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. 2018 Jul 5;19(7):1963.
doi: 10.3390/ijms19071963.

Isolation of Adipose-Derived Stem/Stromal Cells From Cryopreserved Fat Tissue and Transplantation Into Rats With Spinal Cord Injury

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Free PMC article

Isolation of Adipose-Derived Stem/Stromal Cells From Cryopreserved Fat Tissue and Transplantation Into Rats With Spinal Cord Injury

Yuki Ohta et al. Int J Mol Sci. .
Free PMC article

Abstract

Adipose tissue contains multipotent cells known as adipose-derived stem/stromal cells (ASCs), which have therapeutic potential for various diseases. Although the demand for adipose tissue for research use remains high, no adipose tissue bank exists. In this study, we attempted to isolate ASCs from cryopreserved adipose tissue with the aim of developing a banking system. ASCs were isolated from fresh and cryopreserved adipose tissue of rats and compared for proliferation (doubling time), differentiation capability (adipocytes), and cytokine (hepatocyte growth factor and vascular endothelial growth factor) secretion. Finally, ASCs (2.5 × 10⁶) were intravenously infused into rats with spinal cord injury, after which hindlimb motor function was evaluated. Isolation and culture of ASCs from cryopreserved adipose tissue were possible, and their characteristics were not significantly different from those of fresh tissue. Transplantation of ASCs derived from cryopreserved tissue significantly promoted restoration of hindlimb movement function in injured model rats. These results indicate that cryopreservation of adipose tissue may be an option for clinical application.

Keywords: adipose tissue; adipose-derived stem/stromal cells; cryopreservation; spinal cord injury; tissue bank; transplantation.

Conflict of interest statement

The authors declare no conflicts of interest.

Figures

Figure 1
Figure 1
Doubling time of adipose-derived stem/stromal cells (ASCs). ASCs derived from fresh or cryopreserved adipose tissue were cultured for up to seven passages. Doubling time (DT) was determined at the indicated number of passages (as described in the Materials and Methods section). Data are expressed as the mean ± standard error (SE) (n = 4). * p < 0.05 vs. Fresh.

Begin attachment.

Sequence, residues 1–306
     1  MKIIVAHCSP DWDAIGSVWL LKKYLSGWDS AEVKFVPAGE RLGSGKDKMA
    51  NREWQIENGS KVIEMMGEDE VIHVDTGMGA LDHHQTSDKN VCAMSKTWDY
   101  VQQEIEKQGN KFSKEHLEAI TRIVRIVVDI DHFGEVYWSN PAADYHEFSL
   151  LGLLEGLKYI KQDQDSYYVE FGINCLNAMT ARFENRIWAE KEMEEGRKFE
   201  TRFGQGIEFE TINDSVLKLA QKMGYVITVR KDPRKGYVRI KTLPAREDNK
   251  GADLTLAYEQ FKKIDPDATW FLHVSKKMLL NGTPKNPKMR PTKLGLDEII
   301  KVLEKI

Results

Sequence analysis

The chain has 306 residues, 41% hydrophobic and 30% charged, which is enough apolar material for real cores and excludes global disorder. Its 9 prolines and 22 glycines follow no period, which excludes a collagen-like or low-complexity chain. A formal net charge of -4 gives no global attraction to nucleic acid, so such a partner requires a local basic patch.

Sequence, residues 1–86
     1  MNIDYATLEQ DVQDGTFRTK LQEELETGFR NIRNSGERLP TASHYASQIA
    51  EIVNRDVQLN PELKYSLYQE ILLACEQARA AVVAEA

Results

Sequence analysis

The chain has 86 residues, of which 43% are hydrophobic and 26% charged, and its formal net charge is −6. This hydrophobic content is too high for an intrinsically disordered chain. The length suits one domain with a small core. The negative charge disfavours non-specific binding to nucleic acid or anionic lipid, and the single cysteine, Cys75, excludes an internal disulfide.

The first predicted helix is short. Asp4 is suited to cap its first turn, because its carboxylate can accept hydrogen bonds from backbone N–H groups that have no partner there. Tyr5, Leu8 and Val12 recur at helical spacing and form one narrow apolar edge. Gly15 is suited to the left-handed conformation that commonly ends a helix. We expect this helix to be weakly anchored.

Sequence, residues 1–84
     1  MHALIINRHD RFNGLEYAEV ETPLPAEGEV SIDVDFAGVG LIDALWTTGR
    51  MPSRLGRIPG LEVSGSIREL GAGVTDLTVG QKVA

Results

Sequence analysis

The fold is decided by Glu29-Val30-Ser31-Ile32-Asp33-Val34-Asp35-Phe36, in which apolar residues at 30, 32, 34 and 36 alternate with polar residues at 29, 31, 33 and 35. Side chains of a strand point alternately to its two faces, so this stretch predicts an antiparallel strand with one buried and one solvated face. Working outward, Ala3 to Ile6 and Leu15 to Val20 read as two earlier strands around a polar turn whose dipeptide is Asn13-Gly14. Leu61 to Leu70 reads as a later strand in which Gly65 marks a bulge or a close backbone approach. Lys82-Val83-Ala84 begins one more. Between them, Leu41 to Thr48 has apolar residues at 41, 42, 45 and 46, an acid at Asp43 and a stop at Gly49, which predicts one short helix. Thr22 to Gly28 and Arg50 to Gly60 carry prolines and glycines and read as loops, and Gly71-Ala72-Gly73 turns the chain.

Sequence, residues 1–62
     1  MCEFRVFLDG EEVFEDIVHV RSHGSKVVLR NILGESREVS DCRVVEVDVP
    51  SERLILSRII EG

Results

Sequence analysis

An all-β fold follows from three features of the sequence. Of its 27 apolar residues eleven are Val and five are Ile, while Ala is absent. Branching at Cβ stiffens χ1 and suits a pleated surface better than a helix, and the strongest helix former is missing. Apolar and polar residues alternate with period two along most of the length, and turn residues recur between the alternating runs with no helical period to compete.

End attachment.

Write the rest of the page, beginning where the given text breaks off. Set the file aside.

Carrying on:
Figure 2
Figure 2
Adipogenic differentiation in ASCs. Fresh or cryopreserved adipose-derived stem/stromal cells (Fresh- or Cryo-ASCs) were differentiated into adipocytes (as described in the Materials and Methods section). Adipogenesis was revealed by Oil red O staining for lipid droplets. (−): confluent state without adipogenic induction; (+): 28 days after adipogenic induction.
Figure 3
Figure 3
Osteogenic differentiation in ASCs. Fresh or Cryo-ASCs were differentiated into osteoblasts (as described in the Materials and Methods section). Osteogenesis was revealed by alkaline phosphatase staining. (−): confluent state without osteogenic induction; (+): 21 days after osteogenic induction. Scale bars = 500 µm.
Figure 4
Figure 4
Cytokine secretion from ASCs. P2-ASCs were cultured for four days. Supernatants were harvested for cytokine assay. Hepatocyte growth factor (HGF) and vascular endothelial growth factor (VEGF) in the culture medium were measured by enzyme-linked immunosorbent assay. Data are expressed as the mean ± SE (n = 4).
Figure 5
Figure 5
Functional recovery following ASC transplantation. On day eight after injury (arrow), 12-week-Cryo-ASCs (2.5 × 106 cells) were infused into spinal cord injury (SCI) rats via the tail vein (n = 8). Basso–Beattie–Bresnahan (BBB) scores were determined before and after transplantation. Black and white circles are ASC and saline group, respectively. The median score is plotted; bars show the inter quartile range (IQR). * p < 0.05 vs. saline controls (n = 10).
Figure 6
Figure 6
Long-term cryopreserved adipose-tissue-derived cells. ASCs were isolated from 24-week-cryopreserved tissues and examined for proliferation and adipogenic differentiation: (A) DT; (B) Oil red O staining. Data are expressed as the mean ± SE (n = 4).

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